CROSS-REFERENCE TO RELATED APPLICATION
The present application claims priority from U.S. Provisional Application Ser. No. 60/636,717 filed Dec. 15, 2004, which is incorporated herein by reference in its entirety for all purposes.
1. Field of the Invention
The present invention relates to managing and coordinating the operation of a computer network. More specifically, the present invention relates to a system and method for using an email client application as an interface for managing and coordinating various devices within a network.
2. State of the Art
As known in the art, a computer network generally comprises a system of separate devices linked for communication with one another to allow functions such as coordinated execution of software applications or remote access of data. Computer networks may be configured from devices residing at a single location in the form of local area network (LAN) or at different geographical locations in the form of a wide area network (WAN), and may include physical or wireless communication channels. Nonlimiting examples of common devices making up a network may include application servers, such as directory servers, email servers and email caching devices, network management devices, such as switches and routers, as well as end user workstations. A network may also include further devices comprising voice, video and computing infrastructure (VVCI), such as those used to implement voice over internet services (VOIP), cellular or other wireless carrier services, cable services, etc.
In order to make an organization's network run properly, these devices must be configured to communicate and work in coordination with one another. This task is made more difficult, however, due to the fact that different classes of network devices are usually intended to perform distinct dedicated roles and are often provided by different vendors. As such, management of these devices may require that network device administrators use a variety of tools, usually proprietary, to manage each class of device. Maintaining consistent configurations across a large number of network devices therefore becomes difficult and, if not managed properly, could lead to failure of some or all of the network system.
Centralizing the management of network devices with a consistent interface would make network device administration more efficient and overcome the above-described problems associated with the prior art. The use of an email client would serve such a function. As used herein, an “email client” refers to a software application, component, or module that is capable of sending and receiving email over a network connection.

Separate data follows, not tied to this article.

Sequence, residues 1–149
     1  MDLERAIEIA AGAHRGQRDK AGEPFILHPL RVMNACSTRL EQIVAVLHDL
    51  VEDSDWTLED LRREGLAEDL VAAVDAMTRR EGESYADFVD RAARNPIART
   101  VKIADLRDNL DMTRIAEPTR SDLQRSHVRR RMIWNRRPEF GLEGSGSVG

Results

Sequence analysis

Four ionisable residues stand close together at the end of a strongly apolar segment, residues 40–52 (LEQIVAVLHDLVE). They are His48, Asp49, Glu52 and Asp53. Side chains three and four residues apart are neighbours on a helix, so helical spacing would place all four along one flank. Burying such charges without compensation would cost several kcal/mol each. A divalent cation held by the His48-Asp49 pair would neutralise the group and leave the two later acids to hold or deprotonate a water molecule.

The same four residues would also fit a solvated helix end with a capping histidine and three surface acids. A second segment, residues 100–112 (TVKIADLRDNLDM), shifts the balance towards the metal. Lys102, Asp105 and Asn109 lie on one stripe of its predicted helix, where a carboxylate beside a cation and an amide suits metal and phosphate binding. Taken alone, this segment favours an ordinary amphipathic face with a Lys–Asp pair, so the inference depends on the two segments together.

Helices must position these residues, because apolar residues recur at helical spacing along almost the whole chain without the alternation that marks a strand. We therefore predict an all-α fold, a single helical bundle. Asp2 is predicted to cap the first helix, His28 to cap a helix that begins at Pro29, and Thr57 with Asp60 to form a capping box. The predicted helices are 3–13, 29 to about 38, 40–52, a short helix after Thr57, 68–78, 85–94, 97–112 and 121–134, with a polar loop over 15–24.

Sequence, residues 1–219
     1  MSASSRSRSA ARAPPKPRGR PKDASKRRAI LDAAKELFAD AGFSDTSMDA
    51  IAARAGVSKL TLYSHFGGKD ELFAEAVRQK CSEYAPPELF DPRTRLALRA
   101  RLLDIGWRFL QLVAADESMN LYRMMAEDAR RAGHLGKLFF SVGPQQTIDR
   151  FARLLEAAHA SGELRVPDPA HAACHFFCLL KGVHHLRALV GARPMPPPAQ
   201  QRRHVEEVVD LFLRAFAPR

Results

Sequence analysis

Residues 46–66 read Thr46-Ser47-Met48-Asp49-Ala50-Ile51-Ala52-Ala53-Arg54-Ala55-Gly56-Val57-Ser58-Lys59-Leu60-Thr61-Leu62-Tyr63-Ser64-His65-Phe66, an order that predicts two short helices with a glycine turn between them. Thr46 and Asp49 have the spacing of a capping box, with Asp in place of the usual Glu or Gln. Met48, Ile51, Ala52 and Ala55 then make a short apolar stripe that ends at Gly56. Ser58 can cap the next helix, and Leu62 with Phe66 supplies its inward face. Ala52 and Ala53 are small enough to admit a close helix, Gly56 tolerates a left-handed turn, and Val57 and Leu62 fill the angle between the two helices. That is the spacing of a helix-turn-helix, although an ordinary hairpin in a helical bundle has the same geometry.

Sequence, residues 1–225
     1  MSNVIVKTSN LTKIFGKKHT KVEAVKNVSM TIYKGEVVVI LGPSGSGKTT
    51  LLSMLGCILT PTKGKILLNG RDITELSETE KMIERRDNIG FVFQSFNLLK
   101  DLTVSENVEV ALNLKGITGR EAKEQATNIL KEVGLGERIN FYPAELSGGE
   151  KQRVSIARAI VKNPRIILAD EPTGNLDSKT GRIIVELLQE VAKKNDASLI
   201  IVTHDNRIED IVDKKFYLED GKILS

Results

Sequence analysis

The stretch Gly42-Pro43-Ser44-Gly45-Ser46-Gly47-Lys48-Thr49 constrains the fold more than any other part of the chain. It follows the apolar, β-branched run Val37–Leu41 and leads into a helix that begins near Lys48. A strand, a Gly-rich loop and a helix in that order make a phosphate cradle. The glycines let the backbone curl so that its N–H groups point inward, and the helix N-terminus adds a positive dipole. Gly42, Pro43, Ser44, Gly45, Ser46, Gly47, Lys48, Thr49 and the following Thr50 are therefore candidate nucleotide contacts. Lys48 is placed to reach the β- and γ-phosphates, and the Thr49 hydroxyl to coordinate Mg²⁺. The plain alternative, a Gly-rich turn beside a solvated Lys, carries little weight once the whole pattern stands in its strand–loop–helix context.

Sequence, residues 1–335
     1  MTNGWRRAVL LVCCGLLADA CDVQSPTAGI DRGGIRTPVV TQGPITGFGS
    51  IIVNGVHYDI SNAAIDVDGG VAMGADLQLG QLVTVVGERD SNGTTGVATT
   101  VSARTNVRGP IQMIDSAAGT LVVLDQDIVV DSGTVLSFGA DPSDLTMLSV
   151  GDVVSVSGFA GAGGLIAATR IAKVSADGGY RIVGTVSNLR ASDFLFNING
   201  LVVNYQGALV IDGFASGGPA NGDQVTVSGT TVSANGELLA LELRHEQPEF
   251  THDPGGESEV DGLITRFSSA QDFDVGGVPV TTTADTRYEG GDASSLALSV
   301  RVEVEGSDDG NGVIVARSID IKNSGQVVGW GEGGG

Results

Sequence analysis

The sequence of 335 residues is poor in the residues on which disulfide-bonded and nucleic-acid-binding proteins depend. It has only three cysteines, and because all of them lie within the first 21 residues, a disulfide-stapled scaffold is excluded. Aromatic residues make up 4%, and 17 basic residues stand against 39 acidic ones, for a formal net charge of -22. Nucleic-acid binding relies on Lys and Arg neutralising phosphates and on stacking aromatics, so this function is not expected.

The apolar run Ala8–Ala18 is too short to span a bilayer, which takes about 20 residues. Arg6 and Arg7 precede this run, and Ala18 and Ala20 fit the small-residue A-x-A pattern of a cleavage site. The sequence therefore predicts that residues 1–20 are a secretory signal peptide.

Most modern email clients provide the ability to manage data types beyond that of just simple text messages. They may include, for example, calendaring functions, management of tasks, notes, and journals, as well as the ability to transmit email messages with encoded content. Further, most email clients allow third party vendors to install plug-ins (e.g., accessory programs or code that provide additional functionality) that enhance the message management capabilities. The combination of these two integral elements of email clients would allow a vendor to develop a plug-in that uses email messages as a communication method to manage devices that are themselves running special purpose email clients within a network.
In accordance with a preferred embodiment of the present invention, a computer network is disclosed wherein each network device is provided with an embedded email client that serves as a proxy for the device itself. At least one of the network devices is configured to function as a network management station that, via communication with one or more conventional central email servers hosting network device management accounts, is used by a network device administrator to generate messages containing configuration information and/or queries sent to mailboxes corresponding to each device on the network. Network devices receiving the email messages respond according to the instructions embodied within the message such as by executing commands or answering queries via a “reply” message to the sender (e.g., the network device administrator at a network management station overseeing the network device management accounts). Network devices may also have the ability to originate messages, and send them to the network device management account(s) on a central email server.
BRIEF DESCRIPTION OF THE DRAWINGS
Other and further features and advantages of the present invention will be apparent from the following descriptions of the various embodiments when read in conjunction with the accompanying drawing. It will be understood by one of ordinary skill in the art that the following embodiments are provided for illustrative and exemplary purposes only, and that numerous combinations of the elements of the various embodiments of the present invention are possible.
In the drawings, which illustrate an example of what is currently considered to be the best mode for carrying out the invention:
DETAILED DESCRIPTION OF PREFERRED EMBODIMENTS OF THE INVENTION